Some patients can walk immediately after the treatment while wearing support, while others may require the use of crutches to limit weight-bearing.
For more severe fractures in which bones or bone fragments are misaligned, surgical intervention is necessary to prevent improper healing (malunion) that would impede proper movement in the ankle and possibly lead to other complications.
The bone takes about six weeks to heal, and it may take longer for ligaments or other soft tissues to heal.
After surgery, patients are typically not weight-bearing for about four to six weeks until bone healing is satisfactory.
A pain management protocol to minimize the need for opioid medications is advisable.
The patients are in a splint, elevating the limb 90 % of the day for the first week or two. The sutures are removed around 10 to 14 days after the procedure, with patients typically placed into a removable boot allowing the patients to start moving the ankle and take showers. The sixth-week follow-up visit requires an X-ray evaluation to check the healing status.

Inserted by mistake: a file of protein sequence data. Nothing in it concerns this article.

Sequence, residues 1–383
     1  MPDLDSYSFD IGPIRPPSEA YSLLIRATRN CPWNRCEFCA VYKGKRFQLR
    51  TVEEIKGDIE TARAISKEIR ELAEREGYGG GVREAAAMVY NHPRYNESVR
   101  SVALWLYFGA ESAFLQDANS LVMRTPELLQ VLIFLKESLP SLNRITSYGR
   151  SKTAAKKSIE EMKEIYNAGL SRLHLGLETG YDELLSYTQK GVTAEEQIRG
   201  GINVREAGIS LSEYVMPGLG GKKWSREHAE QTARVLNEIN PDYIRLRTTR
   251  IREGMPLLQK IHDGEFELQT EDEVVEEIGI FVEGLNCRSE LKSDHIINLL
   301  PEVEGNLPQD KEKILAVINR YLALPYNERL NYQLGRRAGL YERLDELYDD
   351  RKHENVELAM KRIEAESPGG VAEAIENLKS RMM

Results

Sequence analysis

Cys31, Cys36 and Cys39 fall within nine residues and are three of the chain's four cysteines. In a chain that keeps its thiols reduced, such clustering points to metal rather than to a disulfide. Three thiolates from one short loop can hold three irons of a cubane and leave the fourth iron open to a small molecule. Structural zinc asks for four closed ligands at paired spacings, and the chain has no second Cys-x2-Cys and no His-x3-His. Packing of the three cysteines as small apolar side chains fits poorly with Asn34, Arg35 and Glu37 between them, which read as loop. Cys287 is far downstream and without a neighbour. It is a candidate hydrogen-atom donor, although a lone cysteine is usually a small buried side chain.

Patients can start weight-bearing alongside physical therapy if the bone is healed well, which is generally provided over six weeks or more if required.
Fractures may range from a simple break in one bone to several fractures resulting in an individual not putting weight on it for a few weeks to several months. X-rays are required to determine whether there is a broken bone or a soft-tissue injury like a sprain or spasms, which have symptoms similar to ankle fractures. In addition, radiographic imaging techniques such as a CT scan or MRI may be needed as adjuncts to determine the scope, extent, and damage caused by the injury. The treatment is based on the alignment of the bones and the stability of the ankle joint. The treatment goal is to heal the bones as close to perfect as possible to prevent residual instability or malalignment.
Last reviewed at:
16 Sep 2022 - 5 min read